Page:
Child adoptions in the United States may be legally arranged through state or private agencies, or through individual contacts between would-be adoptive parents and birth mothers. In any of these situations, state laws require court hearings and extensive psychological screening of the child and the prospective adoptive parents to determine (among other things) whether the child is in fact available for adoption and whether the prospective parents are safe, competent, and suitable for that child. Once an adoption order is entered, the child is the child of the adoptive parents for all purposes, just as if she had been born to them.
What would happen if such safeguards were not in place? Unfortunately, we now have a glimpse of what might happen to children in an unregulated adoption market, and it is chilling. A Reuters investigation, published in part by the Milwaukee Journal-Sentinel (to read part one, click here ), reveals that for at least the past 5 years, there has been a thriving Internet market in private re-homing of previously adopted children. Adopted children with severe physical or emotional problems that overwhelmed their adoptive parents were sometimes placed with strangers who, via Internet chat groups, promised to give the kids a new home. However, without those time-consuming home visits, interviews and psychological evaluations, the parents placing the children had no real clue what would happen to their kids once the new “parents” took over. Nor did some of them seem to care, so desperate were they to unload those troubled adoptees.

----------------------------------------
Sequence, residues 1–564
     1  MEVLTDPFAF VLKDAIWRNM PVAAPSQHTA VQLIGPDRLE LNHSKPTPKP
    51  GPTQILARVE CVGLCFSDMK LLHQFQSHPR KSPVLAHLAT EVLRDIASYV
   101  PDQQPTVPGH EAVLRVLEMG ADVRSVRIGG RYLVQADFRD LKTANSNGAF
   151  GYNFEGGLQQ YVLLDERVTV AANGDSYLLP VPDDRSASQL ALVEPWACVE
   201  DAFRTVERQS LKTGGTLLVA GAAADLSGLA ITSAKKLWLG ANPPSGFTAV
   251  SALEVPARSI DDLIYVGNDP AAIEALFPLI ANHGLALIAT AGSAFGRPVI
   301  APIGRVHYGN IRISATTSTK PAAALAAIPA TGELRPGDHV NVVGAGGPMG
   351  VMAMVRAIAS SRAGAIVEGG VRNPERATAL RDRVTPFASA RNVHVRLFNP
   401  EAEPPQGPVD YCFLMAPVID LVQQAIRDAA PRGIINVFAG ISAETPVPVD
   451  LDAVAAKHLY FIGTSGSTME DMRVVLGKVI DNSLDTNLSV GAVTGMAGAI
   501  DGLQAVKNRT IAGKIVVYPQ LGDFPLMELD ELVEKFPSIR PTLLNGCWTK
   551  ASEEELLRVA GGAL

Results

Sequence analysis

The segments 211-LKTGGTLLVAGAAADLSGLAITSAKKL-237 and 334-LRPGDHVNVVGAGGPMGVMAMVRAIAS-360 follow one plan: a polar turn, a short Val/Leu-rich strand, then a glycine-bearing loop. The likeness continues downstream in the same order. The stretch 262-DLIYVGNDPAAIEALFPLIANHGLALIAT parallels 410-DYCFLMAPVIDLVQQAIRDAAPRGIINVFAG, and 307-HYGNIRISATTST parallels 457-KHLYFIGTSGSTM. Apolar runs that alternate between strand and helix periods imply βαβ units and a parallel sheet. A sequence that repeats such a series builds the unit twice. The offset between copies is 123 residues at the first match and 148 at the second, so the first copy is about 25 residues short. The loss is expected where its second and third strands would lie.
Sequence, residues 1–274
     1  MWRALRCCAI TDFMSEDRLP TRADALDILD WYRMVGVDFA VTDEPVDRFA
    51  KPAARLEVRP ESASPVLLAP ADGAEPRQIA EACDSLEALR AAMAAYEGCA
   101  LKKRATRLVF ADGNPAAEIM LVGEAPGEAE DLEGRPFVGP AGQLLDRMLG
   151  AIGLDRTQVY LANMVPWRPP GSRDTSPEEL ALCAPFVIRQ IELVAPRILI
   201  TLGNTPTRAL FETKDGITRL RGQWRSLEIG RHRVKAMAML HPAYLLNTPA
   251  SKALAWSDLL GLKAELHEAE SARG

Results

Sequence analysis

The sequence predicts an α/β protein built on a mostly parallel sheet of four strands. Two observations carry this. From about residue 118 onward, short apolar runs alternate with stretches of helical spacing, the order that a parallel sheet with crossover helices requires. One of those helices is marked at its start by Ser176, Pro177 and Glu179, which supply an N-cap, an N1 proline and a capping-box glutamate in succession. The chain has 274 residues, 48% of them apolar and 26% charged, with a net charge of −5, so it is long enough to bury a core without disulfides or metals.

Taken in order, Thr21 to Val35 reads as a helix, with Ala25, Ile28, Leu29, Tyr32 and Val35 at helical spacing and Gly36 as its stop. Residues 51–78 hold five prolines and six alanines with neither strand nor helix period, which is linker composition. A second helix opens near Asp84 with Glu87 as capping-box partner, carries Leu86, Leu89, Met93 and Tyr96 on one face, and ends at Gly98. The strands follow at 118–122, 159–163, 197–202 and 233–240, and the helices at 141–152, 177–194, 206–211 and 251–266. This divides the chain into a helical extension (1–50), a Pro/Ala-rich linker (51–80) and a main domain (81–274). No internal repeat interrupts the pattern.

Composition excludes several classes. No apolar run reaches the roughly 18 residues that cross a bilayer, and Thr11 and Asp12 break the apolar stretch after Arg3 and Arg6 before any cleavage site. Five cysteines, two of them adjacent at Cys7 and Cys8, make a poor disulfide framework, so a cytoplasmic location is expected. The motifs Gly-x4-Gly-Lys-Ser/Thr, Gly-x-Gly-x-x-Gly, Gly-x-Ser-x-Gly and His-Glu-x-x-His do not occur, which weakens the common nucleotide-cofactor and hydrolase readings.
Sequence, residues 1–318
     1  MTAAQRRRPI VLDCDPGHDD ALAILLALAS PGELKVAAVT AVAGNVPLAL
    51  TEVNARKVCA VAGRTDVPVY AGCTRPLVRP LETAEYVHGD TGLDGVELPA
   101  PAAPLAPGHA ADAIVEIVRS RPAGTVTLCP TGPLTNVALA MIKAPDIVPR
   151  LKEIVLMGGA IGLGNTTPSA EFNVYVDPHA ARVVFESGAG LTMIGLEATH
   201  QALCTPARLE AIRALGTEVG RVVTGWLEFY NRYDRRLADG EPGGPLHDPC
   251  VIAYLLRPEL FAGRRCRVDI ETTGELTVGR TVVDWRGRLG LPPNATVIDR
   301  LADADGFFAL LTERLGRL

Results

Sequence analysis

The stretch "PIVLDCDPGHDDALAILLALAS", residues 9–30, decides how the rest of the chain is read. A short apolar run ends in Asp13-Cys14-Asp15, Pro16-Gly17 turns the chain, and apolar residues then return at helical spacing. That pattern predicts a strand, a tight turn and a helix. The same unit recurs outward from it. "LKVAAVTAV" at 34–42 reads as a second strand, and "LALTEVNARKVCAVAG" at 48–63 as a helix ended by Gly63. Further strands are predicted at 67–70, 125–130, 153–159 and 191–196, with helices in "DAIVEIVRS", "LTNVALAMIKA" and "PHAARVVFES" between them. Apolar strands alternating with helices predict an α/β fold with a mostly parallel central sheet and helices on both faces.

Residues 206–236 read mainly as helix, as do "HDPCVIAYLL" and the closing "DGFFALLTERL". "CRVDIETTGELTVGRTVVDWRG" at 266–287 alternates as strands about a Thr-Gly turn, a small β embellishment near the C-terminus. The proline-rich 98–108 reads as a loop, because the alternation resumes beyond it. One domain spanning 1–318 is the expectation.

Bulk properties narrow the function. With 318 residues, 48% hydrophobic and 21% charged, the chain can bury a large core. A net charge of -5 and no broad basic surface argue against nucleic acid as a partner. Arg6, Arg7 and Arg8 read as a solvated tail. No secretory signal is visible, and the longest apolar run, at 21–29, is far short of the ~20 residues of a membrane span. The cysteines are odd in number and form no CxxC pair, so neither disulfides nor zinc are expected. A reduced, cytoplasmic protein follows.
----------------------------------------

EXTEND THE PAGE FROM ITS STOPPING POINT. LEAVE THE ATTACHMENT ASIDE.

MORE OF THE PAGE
Let me say here that many of these kids were indeed very troubled by any standard. Most (but not all) were adopted from foreign countries such as Russia or China, where they may have suffered from mistreatment by their birth parents or neglect in overcrowded orphanages. Some of them had violent tendencies and attacked their new parents, new siblings, or new pets. Some engaged in property destruction, including disturbing behaviors like smearing feces on walls, sexual acting out, or substance abuse. Some may have reactive attachment disorder, which is the inability to form normal emotional attachments to other people, thought to be caused by trauma and extreme emotional deprivation early in life. The adoption agencies washed their hands of the children upon completion of the legal adoption and provided no remedial services. Most of the parents earn too much to qualify for poverty-based programs, and there aren’t enough of those anyway. Private counseling and treatment costs a king’s ransom. It is not hard to see why the parents became desperate, and turned (as many people do) to the Internet for factual information and emotional support. Read more »